Ignore any mail, emails or websites with lots of errors. Legitimate organisations know better.

Do they want you to keep it secret?

Organisations normally want publicity for special offers or competitions. They'd never ask you to keep secrets from friends and family.

Did they use your real name?

Organisations who’ve obtained your details legitimately will refer to you by your first name or surname, rather than ‘dear sir’ or ‘hello madam’. And they’d never refer to you by an online username or nickname.

Do they want your personal details?

Don't give personal details to anyone if you're not sure who they are, especially if they're asking for bank details. Anyone contacting you should have some details already - ask them what they know and how they got that information.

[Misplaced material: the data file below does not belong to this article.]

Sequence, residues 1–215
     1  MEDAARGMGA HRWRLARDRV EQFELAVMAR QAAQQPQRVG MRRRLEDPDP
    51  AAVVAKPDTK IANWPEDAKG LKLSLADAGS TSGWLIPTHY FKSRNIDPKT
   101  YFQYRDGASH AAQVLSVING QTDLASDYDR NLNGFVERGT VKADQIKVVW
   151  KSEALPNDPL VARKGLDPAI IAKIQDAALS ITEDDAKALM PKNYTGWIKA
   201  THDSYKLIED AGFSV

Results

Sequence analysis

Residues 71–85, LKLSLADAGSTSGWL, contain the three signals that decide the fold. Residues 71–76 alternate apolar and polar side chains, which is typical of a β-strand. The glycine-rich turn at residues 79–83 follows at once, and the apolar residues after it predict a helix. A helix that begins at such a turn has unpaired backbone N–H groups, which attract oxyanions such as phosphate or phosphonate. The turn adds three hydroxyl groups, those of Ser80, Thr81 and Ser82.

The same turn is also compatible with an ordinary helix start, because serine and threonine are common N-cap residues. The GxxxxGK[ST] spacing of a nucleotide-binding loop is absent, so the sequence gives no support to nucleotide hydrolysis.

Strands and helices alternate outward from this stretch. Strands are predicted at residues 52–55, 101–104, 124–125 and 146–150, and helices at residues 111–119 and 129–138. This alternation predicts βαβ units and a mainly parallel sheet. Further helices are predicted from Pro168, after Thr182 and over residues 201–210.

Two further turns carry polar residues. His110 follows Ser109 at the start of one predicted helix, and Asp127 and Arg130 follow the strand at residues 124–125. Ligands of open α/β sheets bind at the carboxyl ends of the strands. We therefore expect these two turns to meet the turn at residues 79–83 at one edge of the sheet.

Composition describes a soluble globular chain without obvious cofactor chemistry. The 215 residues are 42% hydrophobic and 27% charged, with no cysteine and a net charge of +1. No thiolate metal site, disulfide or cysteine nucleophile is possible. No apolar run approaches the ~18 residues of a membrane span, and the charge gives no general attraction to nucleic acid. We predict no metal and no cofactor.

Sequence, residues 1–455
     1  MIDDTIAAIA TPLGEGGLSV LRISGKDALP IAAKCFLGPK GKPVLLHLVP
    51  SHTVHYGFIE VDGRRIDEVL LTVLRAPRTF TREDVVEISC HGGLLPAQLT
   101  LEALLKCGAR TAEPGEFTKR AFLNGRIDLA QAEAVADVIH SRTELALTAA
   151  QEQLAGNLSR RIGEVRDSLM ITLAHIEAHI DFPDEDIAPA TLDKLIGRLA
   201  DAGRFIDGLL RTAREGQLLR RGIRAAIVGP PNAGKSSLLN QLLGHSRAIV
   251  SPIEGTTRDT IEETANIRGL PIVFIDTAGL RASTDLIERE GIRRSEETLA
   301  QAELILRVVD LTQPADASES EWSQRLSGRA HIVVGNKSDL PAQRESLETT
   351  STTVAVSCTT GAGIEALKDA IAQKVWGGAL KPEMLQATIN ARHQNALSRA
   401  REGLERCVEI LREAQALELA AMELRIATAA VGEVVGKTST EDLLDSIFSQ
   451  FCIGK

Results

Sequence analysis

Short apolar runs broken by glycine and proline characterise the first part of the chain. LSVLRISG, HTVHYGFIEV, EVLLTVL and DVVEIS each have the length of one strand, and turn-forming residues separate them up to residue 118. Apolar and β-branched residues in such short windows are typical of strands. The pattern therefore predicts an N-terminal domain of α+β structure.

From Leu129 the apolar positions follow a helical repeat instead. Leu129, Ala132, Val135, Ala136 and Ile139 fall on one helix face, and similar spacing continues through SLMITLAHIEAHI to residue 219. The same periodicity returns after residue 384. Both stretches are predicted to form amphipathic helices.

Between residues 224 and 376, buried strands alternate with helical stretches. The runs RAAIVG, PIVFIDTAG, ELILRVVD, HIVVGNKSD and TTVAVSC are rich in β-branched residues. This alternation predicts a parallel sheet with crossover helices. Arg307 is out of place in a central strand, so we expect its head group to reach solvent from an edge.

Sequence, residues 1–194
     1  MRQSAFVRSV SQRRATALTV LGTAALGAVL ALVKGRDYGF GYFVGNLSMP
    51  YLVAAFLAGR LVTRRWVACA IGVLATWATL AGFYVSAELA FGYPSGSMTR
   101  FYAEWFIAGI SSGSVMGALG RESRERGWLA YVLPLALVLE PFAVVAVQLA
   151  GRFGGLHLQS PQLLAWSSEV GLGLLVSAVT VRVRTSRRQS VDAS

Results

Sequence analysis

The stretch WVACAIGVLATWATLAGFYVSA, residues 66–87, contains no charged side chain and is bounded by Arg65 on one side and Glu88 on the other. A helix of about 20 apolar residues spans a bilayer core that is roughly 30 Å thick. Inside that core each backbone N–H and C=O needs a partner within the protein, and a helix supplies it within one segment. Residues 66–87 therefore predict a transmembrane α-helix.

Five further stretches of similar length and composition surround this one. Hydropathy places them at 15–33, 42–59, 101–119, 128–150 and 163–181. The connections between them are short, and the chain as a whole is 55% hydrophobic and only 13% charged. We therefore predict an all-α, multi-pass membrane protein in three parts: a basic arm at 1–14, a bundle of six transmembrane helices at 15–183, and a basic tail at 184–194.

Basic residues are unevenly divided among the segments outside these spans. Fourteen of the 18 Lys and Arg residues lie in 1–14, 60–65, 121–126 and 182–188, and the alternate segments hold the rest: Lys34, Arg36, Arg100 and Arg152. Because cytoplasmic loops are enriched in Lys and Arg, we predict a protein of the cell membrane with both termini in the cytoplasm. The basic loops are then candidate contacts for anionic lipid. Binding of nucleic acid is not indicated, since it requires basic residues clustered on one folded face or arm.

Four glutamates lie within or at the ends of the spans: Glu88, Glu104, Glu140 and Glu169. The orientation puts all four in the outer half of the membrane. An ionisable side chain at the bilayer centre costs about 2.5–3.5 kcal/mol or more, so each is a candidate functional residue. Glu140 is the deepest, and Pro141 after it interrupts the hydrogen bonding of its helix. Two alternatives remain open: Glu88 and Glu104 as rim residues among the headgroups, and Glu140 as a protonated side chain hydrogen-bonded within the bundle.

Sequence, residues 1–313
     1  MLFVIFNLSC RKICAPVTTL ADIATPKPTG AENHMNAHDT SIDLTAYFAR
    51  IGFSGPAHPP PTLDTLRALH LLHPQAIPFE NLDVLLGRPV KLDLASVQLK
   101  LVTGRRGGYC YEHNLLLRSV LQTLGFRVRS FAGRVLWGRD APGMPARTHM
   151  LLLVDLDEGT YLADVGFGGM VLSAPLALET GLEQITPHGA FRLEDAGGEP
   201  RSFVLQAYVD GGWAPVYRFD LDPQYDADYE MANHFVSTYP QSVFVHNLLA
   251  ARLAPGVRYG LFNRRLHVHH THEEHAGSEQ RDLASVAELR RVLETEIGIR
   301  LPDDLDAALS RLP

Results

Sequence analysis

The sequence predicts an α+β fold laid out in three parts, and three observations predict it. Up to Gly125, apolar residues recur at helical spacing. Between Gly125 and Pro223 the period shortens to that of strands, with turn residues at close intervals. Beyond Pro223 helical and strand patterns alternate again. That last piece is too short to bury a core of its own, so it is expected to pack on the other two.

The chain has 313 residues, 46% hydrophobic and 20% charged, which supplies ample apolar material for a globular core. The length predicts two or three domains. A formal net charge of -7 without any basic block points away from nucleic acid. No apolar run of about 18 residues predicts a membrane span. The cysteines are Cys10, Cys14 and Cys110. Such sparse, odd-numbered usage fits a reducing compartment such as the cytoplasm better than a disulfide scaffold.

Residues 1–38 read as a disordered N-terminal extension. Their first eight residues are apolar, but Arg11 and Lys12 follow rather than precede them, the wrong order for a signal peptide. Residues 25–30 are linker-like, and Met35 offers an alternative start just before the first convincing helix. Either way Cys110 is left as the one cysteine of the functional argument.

Can you get their details?

Organisations shouldn't hesitate to offer a phone number or address. They should have a landline, not a mobile number (beginning 07) or premium rate number (beginning 09).

Top tip

Be wary of PO Box addresses - that won't tell you their location. If someone shows up at your door, ask for ID. Don’t trust a number or address you get on an email or letter, use the details they have on an official website.

Social media scams

Look out for scams that.

Look out for scams that:

  • Come from someone in your friends list out of the blue. They may have been hacked. If someone you know has shared something with you, check with them that they actually recommended it.

  • Offer free app downloads.

  • Look like quizzes but ask you to share personal details.

  • Look like they send you somewhere official, but direct you to a fake login page.